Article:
“What celebrations that day!” laughed Vijay. “You won’t believe, that bugger gave us five kilos of good meat.” He pocketed the gold earrings too.
Vijay sat in the courtyard of his spacious farmhouse, on the banks of the Godavari River near Rajahmundry, a couple of nights before the Sankranti harvest festival. He’s trim and spry for his 68 years, despite a penchant for imported cigarettes and evening libations. Vijay is the kind of man who apologizes if he forgets to offer you a scotch, the kind who can make a subject like cockfighting sound sophisticated. Even his features – not joking here – are bird-like: high cheekbones, beady eyes, hooked nose over a pencil-thin moustache. The sun was setting overhead, marking the beginning of those three days every January, when fight rings light up the coastal Andhra plains, some of them rudimentary gatherings in coconut groves, others elaborate enough to suit the tastes of a Vegas hustler.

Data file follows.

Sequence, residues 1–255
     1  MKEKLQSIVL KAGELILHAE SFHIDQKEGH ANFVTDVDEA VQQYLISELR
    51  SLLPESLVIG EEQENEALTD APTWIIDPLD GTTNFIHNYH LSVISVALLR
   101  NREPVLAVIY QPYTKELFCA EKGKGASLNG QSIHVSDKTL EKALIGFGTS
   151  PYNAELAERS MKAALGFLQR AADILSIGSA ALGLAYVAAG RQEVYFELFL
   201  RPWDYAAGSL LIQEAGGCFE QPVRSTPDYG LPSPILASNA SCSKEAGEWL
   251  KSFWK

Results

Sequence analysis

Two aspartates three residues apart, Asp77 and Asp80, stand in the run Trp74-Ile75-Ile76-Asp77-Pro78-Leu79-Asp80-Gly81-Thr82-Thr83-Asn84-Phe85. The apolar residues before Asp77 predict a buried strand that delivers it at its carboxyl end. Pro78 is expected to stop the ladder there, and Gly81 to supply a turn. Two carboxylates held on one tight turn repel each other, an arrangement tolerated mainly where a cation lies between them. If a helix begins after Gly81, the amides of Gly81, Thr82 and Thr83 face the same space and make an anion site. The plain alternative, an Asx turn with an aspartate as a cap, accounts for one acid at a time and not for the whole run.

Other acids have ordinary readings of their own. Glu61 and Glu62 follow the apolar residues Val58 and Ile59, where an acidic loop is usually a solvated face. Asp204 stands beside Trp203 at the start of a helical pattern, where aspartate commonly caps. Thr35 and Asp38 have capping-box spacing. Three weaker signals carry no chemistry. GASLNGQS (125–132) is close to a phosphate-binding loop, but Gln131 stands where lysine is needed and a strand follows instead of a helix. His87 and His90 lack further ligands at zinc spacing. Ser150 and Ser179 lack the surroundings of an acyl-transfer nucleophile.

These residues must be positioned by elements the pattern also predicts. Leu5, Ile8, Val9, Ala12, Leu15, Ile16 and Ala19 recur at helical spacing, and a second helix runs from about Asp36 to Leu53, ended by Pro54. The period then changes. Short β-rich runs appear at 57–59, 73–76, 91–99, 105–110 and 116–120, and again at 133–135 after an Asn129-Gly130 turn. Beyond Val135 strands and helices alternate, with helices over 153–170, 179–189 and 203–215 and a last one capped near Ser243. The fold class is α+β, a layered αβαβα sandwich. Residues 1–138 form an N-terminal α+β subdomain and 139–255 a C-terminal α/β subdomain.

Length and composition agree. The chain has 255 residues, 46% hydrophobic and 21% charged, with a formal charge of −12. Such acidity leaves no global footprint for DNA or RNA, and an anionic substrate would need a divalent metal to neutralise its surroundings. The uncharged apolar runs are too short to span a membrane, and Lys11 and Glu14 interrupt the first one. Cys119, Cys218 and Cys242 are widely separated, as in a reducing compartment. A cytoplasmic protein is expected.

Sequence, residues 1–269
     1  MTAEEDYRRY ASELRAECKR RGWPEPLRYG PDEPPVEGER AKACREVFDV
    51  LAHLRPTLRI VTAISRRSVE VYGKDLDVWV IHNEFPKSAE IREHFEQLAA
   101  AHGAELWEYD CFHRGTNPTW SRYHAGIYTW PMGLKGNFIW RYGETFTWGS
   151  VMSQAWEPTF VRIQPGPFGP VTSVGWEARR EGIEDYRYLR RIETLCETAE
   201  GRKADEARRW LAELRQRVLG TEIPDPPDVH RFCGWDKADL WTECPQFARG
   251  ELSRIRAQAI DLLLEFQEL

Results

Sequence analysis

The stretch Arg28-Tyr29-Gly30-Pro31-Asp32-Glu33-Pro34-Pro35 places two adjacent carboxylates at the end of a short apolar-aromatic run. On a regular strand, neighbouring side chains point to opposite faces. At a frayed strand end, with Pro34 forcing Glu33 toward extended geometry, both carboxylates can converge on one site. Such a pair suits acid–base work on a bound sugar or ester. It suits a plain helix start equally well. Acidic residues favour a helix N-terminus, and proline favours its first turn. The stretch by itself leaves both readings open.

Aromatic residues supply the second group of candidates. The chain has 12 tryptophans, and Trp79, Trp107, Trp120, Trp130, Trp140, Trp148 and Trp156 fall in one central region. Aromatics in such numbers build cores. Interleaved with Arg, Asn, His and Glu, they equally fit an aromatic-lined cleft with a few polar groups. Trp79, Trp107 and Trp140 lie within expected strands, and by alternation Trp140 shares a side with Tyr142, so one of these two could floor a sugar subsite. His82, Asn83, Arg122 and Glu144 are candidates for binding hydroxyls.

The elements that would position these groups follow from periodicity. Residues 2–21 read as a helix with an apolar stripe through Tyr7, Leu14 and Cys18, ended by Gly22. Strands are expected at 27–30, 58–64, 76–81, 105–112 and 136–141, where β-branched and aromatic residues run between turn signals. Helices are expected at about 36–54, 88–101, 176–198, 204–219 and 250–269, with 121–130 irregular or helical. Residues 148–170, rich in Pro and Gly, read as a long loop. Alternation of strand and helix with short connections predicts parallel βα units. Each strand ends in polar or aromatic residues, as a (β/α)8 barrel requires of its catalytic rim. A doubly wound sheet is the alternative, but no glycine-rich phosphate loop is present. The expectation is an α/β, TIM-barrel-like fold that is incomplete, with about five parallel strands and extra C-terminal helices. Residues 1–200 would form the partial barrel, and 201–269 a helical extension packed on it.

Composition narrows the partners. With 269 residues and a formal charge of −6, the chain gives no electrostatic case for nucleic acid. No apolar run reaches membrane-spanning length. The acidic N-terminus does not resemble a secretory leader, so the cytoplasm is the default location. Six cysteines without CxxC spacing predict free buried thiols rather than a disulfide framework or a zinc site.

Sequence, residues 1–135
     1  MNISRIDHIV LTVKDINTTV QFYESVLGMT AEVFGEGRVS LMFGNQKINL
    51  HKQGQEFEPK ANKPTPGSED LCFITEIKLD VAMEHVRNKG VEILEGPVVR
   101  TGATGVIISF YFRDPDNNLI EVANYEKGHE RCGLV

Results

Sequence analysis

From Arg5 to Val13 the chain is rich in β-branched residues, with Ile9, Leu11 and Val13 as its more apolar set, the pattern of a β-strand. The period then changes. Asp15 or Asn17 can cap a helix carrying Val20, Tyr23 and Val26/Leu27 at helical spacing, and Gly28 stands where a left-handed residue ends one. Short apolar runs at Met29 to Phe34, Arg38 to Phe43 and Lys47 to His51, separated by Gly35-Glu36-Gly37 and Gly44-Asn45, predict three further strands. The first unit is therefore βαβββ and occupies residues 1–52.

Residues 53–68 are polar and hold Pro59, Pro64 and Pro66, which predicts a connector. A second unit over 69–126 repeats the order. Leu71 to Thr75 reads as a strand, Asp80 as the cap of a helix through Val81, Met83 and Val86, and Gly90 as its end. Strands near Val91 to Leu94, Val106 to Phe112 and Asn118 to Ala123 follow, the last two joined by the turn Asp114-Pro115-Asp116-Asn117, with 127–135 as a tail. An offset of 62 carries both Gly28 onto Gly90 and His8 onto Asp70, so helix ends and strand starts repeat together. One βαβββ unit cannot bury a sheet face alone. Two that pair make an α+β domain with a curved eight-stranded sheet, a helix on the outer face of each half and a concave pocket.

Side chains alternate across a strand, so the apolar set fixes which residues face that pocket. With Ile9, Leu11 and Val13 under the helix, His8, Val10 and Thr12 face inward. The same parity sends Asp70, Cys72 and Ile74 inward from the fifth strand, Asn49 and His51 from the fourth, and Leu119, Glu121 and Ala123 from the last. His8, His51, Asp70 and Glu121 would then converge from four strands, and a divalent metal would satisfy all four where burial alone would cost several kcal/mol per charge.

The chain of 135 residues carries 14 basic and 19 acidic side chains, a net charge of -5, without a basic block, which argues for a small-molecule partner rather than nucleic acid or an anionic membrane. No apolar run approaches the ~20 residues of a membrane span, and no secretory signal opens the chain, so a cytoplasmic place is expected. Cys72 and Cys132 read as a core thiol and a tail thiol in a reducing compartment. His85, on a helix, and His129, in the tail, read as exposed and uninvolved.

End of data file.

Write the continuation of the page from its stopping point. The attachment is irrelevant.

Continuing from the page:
Not that Vijay’s above a good old local fight, but a man of his experience and seniority prefers the grander, more high-stakes productions. Like the Kentucky Derby-style affair at the old alum factory the next town over, meticulously run from the ordered progression of fights down to the valet parking. There are box seats, a fully stocked bar, a buffet and big screens streaming a live feed of the ring. It’s a lakh if you want to fight your bird, and bets equal to or far greater than that are par for the course on the sidelines.
“Bloody class, yaar.” Vijay clucked his tongue and twirled his fingers through the air. “And you won’t believe, there are all these women there too! They come dressed in saris and they’re betting 20, 30,000 rupees on each fight.”